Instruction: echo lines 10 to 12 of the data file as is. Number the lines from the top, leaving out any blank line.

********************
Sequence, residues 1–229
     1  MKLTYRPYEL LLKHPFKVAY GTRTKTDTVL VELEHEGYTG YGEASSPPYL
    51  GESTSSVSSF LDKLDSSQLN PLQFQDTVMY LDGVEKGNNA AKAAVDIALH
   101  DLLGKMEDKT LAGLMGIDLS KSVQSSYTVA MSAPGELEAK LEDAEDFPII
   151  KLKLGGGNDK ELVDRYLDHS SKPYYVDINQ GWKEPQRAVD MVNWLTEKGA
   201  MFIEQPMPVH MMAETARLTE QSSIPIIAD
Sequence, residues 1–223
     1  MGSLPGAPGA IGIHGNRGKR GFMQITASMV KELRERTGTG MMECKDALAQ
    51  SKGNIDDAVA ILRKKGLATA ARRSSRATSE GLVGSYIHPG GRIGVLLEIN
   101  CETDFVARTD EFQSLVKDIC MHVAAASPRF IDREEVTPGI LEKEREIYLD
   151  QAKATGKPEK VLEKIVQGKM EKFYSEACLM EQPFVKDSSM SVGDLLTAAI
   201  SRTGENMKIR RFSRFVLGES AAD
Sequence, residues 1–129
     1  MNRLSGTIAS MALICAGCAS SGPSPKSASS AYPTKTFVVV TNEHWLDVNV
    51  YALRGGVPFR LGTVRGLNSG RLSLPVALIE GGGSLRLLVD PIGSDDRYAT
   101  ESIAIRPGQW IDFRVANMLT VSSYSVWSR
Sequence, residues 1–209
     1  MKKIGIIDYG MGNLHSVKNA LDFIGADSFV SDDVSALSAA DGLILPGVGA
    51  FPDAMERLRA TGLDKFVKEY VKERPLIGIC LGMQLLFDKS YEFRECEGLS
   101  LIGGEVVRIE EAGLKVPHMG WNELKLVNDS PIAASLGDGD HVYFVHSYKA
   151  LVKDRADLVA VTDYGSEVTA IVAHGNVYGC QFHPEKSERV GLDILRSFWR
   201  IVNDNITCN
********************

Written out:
   101  CETDFVARTD EFQSLVKDIC MHVAAASPRF IDREEVTPGI LEKEREIYLD
   151  QAKATGKPEK VLEKIVQGKM EKFYSEACLM EQPFVKDSSM SVGDLLTAAI
   201  SRTGENMKIR RFSRFVLGES AAD